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Date:  Mon, 23 Apr 2007 21:05:36 +0200
From:  "Taco Scargo" <taco (at mark)>
Subject:  [coba-e:09680] Re: Upgrade to CentOS5
To:  <coba-e (at mark)>
Message-Id:  <012b01c785da$6052c3b0$0202fea9@DELLP4TACO>
References:  <Pine.LNX.4.44.0704231856580.15085-100000 (at mark)> < (at mark)> <20070423142727.M78840 (at mark)> <00fa01c785b9$4200ef70$c602ce50$ (at mark)>
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Hello Chris, hello blues,

> Well 210 quid but still sounds steep, but not as steep as 710 quid for
> unlimited clustering...

The pricepoint Michael and Brian set their products is their own choice, and 
I am sure both of them have thought over the pricing model to use to be 
If not, they would not sell (m)any, which would not 'pay their rent' at the 
end. Don't forget you are not only paying for the work they put in it, but 
(I guess) also for them supporting the product in one way or another.
Have a look what Red Hat charges for their 'enterprise linux' products. I 
know the CentOS project provides you with the same product, but you are also 
paying for the service.
And if everyone would use CentOS, no new releases and patches would be 
released for its 'mother product' RHEL.

> I understand that the chaps must have put some work into this, but most of
> it is opensource..  I wonder if they are going to be sending any funds to
> the opensource projects that they are using?
A big misunderstanding by a lot of people is that opensource means free as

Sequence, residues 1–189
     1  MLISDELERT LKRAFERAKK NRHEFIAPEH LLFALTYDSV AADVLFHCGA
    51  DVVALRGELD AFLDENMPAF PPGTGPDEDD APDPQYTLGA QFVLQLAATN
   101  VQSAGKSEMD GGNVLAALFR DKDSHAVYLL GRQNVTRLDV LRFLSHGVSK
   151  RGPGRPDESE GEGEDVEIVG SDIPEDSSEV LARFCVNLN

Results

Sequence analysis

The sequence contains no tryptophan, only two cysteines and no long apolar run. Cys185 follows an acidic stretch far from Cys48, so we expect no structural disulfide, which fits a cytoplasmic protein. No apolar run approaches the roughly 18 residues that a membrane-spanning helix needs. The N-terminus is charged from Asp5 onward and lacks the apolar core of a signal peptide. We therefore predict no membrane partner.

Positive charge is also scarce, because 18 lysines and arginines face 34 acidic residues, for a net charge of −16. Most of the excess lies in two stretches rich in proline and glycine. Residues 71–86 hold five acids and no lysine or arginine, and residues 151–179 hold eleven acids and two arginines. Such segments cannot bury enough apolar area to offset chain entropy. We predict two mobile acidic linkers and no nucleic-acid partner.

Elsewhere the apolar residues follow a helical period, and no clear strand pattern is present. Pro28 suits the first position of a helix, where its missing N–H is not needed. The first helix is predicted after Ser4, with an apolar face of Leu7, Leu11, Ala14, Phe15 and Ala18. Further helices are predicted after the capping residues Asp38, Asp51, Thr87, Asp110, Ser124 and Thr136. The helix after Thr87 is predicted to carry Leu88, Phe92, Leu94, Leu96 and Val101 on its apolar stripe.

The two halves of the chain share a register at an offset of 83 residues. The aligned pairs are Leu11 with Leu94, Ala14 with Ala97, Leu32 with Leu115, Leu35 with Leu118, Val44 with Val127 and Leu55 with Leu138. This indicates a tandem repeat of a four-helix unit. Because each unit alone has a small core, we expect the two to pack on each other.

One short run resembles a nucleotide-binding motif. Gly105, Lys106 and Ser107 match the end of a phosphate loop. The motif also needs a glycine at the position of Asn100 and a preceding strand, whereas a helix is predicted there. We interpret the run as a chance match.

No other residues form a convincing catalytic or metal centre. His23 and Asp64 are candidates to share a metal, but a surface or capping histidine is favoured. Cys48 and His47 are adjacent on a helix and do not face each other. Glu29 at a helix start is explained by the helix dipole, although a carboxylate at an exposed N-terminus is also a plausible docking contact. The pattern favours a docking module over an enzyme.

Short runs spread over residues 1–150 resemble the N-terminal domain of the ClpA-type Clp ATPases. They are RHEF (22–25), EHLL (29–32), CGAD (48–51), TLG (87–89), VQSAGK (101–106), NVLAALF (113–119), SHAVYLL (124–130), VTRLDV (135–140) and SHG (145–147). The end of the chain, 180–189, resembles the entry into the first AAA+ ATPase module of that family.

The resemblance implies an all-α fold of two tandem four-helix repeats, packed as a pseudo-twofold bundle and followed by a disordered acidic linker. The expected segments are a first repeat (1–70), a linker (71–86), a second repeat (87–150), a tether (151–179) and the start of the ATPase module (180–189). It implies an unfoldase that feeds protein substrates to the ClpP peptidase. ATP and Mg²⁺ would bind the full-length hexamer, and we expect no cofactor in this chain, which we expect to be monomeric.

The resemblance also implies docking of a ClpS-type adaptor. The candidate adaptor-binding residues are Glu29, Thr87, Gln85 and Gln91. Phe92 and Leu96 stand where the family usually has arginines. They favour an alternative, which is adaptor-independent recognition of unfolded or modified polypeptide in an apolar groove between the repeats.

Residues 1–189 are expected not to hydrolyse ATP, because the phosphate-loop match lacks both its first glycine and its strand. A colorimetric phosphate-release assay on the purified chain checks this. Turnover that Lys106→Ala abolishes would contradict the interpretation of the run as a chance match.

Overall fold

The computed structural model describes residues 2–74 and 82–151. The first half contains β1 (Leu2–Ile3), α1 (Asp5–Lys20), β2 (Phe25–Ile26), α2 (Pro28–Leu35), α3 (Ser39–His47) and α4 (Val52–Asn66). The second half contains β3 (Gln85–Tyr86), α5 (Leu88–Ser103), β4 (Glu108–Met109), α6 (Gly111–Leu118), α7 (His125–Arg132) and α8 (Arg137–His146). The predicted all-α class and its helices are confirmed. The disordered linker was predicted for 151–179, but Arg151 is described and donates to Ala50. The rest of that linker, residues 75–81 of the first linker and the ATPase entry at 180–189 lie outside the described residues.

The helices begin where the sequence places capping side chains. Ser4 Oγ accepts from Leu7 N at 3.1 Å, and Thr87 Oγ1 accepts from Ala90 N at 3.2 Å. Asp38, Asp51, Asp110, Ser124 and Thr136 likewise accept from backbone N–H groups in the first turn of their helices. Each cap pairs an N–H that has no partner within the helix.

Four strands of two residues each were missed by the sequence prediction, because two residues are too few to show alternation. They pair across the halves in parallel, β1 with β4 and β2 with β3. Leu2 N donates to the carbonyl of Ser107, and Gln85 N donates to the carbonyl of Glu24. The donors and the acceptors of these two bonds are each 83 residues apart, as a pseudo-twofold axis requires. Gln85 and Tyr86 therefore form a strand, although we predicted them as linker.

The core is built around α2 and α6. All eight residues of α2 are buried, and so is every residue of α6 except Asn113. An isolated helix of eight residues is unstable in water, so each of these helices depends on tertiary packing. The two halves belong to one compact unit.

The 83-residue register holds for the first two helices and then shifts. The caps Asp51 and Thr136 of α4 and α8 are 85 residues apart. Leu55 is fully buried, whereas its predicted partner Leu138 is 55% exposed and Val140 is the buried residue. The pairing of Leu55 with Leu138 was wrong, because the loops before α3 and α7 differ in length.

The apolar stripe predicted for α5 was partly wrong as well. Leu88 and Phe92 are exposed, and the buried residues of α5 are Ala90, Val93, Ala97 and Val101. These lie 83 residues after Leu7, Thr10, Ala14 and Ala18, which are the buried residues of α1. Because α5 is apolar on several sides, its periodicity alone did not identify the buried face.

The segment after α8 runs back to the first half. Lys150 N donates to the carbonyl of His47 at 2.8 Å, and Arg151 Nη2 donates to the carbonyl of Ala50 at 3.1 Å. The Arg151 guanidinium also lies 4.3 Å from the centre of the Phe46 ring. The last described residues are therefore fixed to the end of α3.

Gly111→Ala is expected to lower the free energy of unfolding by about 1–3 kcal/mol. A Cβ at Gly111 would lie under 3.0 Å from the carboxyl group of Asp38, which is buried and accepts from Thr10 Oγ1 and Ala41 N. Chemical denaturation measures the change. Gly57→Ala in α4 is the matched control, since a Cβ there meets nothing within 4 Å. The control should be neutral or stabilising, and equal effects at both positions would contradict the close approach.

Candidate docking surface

in free beer.
Open Source gives you the freedom to modify the source yourself and not be 
dependant (locked in) to a contract with the supplier.
The BQ license (Sun BSD) allows anyone to use the source, but leaves it up 
to them wether they release their modifications back as opensource.
It allows anyone to sell the resulting product at any price they want.

I myself would have loved to get the features that Michael and Brian have 
created in the 'normal' BQ distribution. This would have increased the 
deployment of the technology they created/implemented much more than now.
But reality is different. You ofcourse also have an option to re-install 
your server with Virtuozzo and Plesk. Aventurine is based on OpenVZ, the 
open source version of Virtuozzo.
Just calculate what that would cost you and you will see that Solarspeed's 
price isn't that bad.

And how long do you generally use a virtual hosting server ? Divide the 
price by the number of months to use a hosting server and calculate what you 
save using virtualization !
Ofcourse you are free to install a plain CentOS yourself, install the free 
VMWare server, and install the kindly and freely provided Nuonce BQ 
installer on the virtual hosts you create.

And if anyone wants to implement similar features like Aventurine in the 
normal BQ build, they are very welcome.
Actually Hisao showed me his virtualization work (also based on OpenVZ) last 
summer at the Cobalt User Group/BQ conference in Nagano.

Maybe Hisao can let us all know if he continued his work in any way.

With regards,

Taco Scargo